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A review by HVF Winstone of the book ‘Aaronsohn’s Maps’ by Patricia Goldstone.
“Aaron Aaronsohn. The name is misleading in its overtones of rabbinical fundamentalism. He was born at Falticeni in Rumania in 1876, a few years before the family escaped the European progroms and established its home in the small, predominantly Jewish town of Zichron Ya’akov in the Ottoman Sanjak of Jerusalem, known to the rest of the world as Palestine.”
“Scientist, spy, man of destiny, a massive presence both physically and intellectually, there was something at once fascinating and sinister about his short life and untimely death.”
“On the afternoon of 15 May 1919, a French fishing vessel making its routine way into Boulogne harbour witnessed an airplane floating on the water. Several parcels protected by waterproof sheets bobbed on the sea around it. Officially, what they saw remains to this day an accident that never happened. It might indeed have been dismissed with a shrug by men accustomed to strange goings-on in their waters had it not been for subsequent reports in two local newspapers, the enquiries of an insurance company and the persistence of a few outsiders with a heightened sense of political conspiracy.”
“The Times of 20 May carried a dispatch from its Paris correspondent dated 18 May, three days after the accident, the headline of which contained the gist of a story that clearly came from an official source. ‘Eminent Zionist Killed: Dr Aaronsohn in aeroplane accident’. The newspaper made no mention of the strange circumstances surrounding the accident.’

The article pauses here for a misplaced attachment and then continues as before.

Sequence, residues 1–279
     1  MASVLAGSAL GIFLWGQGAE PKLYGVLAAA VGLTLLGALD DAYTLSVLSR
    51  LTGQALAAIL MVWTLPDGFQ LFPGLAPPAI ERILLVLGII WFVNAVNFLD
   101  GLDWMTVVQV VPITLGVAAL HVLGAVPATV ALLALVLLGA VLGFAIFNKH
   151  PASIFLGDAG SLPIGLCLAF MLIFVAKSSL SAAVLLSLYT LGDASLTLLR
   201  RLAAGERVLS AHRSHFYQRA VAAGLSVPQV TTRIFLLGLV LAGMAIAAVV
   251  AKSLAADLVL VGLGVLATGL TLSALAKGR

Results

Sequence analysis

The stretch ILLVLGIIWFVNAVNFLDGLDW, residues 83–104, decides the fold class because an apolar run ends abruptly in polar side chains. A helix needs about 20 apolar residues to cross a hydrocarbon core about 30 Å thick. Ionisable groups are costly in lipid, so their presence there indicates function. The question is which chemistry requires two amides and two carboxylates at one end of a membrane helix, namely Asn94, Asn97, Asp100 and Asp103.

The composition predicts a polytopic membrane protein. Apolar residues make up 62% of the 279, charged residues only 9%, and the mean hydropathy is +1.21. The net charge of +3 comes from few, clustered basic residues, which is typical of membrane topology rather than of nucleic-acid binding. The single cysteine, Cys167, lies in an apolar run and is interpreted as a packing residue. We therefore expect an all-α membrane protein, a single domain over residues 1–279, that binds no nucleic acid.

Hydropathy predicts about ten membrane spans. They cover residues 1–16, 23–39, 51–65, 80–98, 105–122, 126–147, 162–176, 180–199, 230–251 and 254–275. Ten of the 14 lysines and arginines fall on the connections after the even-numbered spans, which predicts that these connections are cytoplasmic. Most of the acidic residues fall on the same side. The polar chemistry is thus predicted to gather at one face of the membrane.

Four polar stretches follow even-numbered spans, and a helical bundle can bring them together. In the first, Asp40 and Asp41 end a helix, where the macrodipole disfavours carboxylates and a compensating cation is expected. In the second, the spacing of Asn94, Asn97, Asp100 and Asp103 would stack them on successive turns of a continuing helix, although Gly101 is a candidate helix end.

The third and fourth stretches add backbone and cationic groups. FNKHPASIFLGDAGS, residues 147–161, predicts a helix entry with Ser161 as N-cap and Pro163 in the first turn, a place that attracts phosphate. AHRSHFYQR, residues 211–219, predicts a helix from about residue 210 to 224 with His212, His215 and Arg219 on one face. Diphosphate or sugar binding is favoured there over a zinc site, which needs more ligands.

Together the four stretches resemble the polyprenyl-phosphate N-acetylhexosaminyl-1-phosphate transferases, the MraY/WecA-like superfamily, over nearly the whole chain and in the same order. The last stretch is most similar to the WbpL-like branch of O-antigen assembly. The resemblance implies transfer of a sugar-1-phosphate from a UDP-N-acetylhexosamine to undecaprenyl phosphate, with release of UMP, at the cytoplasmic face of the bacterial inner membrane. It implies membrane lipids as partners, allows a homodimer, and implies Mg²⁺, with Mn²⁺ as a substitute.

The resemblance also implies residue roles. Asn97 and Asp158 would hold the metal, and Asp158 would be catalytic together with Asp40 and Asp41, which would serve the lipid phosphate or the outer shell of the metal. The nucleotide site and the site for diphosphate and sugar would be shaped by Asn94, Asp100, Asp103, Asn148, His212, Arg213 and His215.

“On 27 May the Central Zionist Office in London ’s Piccadilly issued a statement quoting The Times’ report. It also failed to mention the unusual circumstances of what it called a ‘tragic accident’. On the same day as The Times account, the Jewish Chronicle reported the incident, again without reference to the unusual circumstances.”
“Aaronsohn’s Swiss life assurance company refused to pay out on his policy, declaring that it was not satisfied with a subsequent War Ministry inquiry into the matter which, it said, contradicted itself and the evidence of eye witnesses. In those days air accidents were routinely recorded at Lloyds Registry. No record was made of the Boulogne incident. The Israeli historian Shmuel Katz, a former member of the Likud party in the Knesset, asserted that the pilot of the second plane shot Captain Jefferson ‘through the heart’ as the two British planes jostled in mid air, causing the first plane to plunge into the sea.”
“There to this day the story rests, though it has taken on a new significance in view of the central role of Israel in what has come to be called ‘the war on terror’.”
“Now, Patricia Goldstone, a well known American writer, has come up with a well researched, resourceful, politically balanced – and inevitably inconclusive – account of the life of the man who made the fatal mistake of taking issue with the leaders of the Zionist movement, especially Chaim Weizmann its most distinguished and powerful figure, the socialist scientist who had made a significant contribution to the country’s armament industry in the war. Hers is the first true biography”.
To find out more about Patricia Goldstone, please visit www.patriciagoldstone.com